Becca is a current graduate student in the M.S. Biodefense program with a concentration in Terrorism and Homeland Security. She received two B.A. degrees in Political Science and Homeland Security & Emergency Management from Virginia Commonwealth University in May 2015. Her primary research interests include dual-use research of concern governance, counter violent extremism policies, and gender and terrorism. In her free time, Becca enjoys drawing and playing with her basset hound Rosie.
Mr. Blair is Senior Fellow on State and Non-State Threats at the Federation of American Scientists and an adjunct professor in the GMU Biodefense Program, where he lectures on the nexus of terrorism and WMD. Since the 1980s, Mr. Blair has worked on issues relating to the diffusion and diversification of weapons of mass destruction (WMD) in the context of proliferation amid the rise of mass casualty terrorism incidents and the centripetal and centrifugal elements of globalization. Mr. Blair’s work focuses on state and violent non-state actors (VNSA) – amid a dystopic and increasingly tribal world. Before joining FAS in 2010, he was a research associate with the National Consortium for the Study of Terrorism and Responses to Terrorism (START) where, among other projects, he managed the Global Terrorism Database, the largest open-source compilation of terrorist events in the world. Mr. Blair also spent two years exploring elements of the Pakistani Neo-Taliban, and for almost a decade he has studied U.S. right-wing “White” nationalist groups, apocalyptic millenarian ideologies, and other groups with interest in and experiences with WMD. Mr. Blair has also worked with the James Martin Center for Nonproliferation Studies, the National Nuclear Security Administration, the Anti-Defamation League, and the Center for Terrorism and Intelligence Studies. Mr. Blair is also a lecturer at Johns Hopkins University where he instructs graduate students about the technologies underlying WMD.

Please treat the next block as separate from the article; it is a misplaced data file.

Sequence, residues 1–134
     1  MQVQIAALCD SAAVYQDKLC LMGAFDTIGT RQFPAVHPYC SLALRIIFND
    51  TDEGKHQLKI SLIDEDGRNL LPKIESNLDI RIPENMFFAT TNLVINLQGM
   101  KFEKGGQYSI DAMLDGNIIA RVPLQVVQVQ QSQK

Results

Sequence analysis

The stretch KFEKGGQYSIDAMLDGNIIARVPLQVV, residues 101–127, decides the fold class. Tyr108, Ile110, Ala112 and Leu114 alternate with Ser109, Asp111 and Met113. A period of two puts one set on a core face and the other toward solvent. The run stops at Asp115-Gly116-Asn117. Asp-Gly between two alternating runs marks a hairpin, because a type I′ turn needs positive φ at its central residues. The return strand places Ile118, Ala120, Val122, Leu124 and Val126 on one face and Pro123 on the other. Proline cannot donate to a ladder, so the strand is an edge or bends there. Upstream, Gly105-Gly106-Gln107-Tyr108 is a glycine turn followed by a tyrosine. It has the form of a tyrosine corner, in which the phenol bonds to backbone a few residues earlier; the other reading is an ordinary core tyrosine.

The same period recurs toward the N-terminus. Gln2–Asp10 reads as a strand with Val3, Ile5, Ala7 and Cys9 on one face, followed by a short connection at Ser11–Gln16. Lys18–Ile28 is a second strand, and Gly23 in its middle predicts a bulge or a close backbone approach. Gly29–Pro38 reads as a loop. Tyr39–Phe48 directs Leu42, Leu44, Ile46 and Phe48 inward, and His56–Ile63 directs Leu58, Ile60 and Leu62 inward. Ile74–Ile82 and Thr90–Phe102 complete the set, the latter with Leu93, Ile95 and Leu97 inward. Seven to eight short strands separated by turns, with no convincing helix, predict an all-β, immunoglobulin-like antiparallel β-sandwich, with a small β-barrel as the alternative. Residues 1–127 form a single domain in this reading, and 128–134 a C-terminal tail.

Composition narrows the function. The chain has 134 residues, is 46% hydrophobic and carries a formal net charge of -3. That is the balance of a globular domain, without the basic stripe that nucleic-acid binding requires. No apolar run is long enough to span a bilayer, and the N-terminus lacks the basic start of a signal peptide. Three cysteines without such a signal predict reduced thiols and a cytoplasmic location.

Dr. Breeze is the former director of Plum Island and an Adjunct Professor in the Biodefense Department, where he lectures on agroterrorism. Dr. Breeze received his veterinary degree in 1968 and his PhD in veterinary pathology in 1973, both from the University of Glasgow, Scotland. He was engaged in teaching, diagnostic pathology, and research on respiratory and cardiovascular diseases at the University of Glasgow Veterinary School from 1968 to 1977 and at Washington State University College of Veterinary Medicine from 1977 to 1987, where he was professor and chair of the Department of Microbiology and Pathology. From 1984 to 1987, he was deputy director of the Washington Technology Center, the state’s high-technology sciences initiative, based in the College of Engineering of the University of Washington. In 1987, he was appointed director of the U.S. Department of Agriculture (USDA) Plum Island Animal Disease Center, a Biosafety Level 3 facility for research and diagnosis related to the world’s most dangerous livestock diseases. In that role, he initiated research on the genomic and functional genomic basis of disease pathogenesis, diagnosis, and control of livestock RNA and DNA virus infections. That work became the basis of U.S. defense against natural and deliberate infection with these pathogens and led to his involvement in the early 1990s in biologic-weapons defense and proliferation prevention. From 1995 to 1998, Dr. Breeze directed research programs in 20 laboratories in the Southeast for the USDA Agricultural Research Service before going to Washington, D.C., to establish biologic-weapons defense research programs for USDA. He received the Distinguished Executive Award from President Clinton in 1998 for his work at Plum Island and in biodefense. Since 2004 he has been CEO of Centaur Science Group. He is currently Bio-Security Deputy Program Director, Global Security Directorate, Office of Strategic Outcomes, Lawrence Livermore National Laboratory.